Businesses lose faith in tech investments

Businesses lose faith in tech investments

Summary: Gartner is warning of a 'dangerous period ahead' for the IT profession amidst stagnating investment and the rise of outsourcing

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TOPICS: Networking
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IT is now a "non-growth industry" with spending lagging behind general economic growth as user organisations lose faith in the returns on their tech investments, according to Gartner.

New research from the analyst house shows that IT budgets globally will increase by just 2.7 percent in 2006.

Gartner vice president and research fellow Ken McGee said: "We think there is a slowdown taking place. Businesses don't see the value [in technology] any longer. They find no compelling reasons for vigorous investment. It's a non-growth industry."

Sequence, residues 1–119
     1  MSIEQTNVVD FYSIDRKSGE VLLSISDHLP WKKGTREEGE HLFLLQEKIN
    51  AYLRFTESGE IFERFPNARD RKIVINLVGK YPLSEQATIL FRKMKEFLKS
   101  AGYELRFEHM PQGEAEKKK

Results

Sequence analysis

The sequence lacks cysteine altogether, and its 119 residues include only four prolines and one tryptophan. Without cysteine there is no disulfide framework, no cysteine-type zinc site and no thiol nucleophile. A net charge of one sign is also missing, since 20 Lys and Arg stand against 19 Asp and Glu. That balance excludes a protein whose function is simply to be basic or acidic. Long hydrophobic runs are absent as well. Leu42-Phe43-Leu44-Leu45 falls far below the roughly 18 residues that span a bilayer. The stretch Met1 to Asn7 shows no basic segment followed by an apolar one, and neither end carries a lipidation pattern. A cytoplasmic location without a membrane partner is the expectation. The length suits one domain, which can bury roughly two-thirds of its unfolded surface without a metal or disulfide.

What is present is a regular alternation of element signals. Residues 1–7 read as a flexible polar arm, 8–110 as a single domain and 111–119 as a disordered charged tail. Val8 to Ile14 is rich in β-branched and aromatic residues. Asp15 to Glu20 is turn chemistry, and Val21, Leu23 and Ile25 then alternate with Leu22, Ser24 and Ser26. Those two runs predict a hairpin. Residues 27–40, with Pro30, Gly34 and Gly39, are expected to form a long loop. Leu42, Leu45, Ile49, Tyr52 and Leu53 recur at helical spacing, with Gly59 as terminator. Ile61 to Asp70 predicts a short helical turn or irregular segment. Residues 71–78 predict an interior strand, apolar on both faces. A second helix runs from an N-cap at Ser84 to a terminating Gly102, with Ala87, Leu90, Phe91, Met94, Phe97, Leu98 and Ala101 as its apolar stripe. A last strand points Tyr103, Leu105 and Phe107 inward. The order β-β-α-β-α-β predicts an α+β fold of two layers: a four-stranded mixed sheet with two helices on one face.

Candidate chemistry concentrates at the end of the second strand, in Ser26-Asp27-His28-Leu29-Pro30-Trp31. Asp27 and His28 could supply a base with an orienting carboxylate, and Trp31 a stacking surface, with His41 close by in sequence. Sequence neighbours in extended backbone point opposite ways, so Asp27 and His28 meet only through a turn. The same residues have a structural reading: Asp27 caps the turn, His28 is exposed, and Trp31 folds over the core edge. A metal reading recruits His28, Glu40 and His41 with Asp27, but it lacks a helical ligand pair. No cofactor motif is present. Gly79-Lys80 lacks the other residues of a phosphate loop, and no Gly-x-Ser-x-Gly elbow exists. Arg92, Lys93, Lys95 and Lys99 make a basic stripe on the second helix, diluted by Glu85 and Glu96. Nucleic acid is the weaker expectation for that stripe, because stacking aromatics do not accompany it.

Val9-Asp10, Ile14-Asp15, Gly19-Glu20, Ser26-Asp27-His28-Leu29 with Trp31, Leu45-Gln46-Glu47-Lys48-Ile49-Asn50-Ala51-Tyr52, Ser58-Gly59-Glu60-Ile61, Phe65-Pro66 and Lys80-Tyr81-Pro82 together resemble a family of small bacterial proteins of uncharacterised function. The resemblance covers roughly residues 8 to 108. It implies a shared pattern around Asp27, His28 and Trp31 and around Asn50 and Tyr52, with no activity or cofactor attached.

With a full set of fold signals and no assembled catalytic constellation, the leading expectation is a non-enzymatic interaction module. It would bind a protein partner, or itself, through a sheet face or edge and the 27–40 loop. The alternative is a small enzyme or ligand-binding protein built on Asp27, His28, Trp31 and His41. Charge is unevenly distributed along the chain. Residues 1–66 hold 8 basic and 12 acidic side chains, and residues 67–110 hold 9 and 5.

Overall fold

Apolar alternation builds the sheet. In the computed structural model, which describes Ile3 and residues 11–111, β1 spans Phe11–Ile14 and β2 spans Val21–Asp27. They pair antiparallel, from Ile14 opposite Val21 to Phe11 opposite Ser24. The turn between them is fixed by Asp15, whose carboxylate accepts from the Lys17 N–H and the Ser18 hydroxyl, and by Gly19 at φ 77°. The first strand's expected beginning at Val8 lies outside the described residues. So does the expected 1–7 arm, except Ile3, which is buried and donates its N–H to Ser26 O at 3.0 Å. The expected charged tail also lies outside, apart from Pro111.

This trend could put the future of the chief information officer and the existence of the IT department under threat as organisations increasingly go down the outsourcing route.

McGee said: "This represents a very dangerous period ahead. It will only accelerate the number of organisations who conclude 'this is a commodity and I don't need you to do it'."

Part of the problem is that many IT departments are simply applying new technologies to the existing business processes without adding any tangible value, according to Gartner's McGee.

He warned: "There's not a lot of new application of IT. CIOs have got to devote more energy towards being innovative and taking IT where IT has never been before."

Among the advice for CIOs is to build up a demonstrable track record of creating more value for the business, such as improving customer satisfaction or earnings per share.

On the technology front Gartner has identified business intelligence (BI) as one of the key areas CIOs can add value and it advises organisations to create a BI "centre of excellence" by 2008.

McGee will be presenting the full findings of the Current State and Future Directions of IT at Gartner's European Symposium in Barcelona next week.

UK IT chiefs also warned last week that unless the profession adapts to new ways of working it will cease to exist in the future.

Topic: Networking

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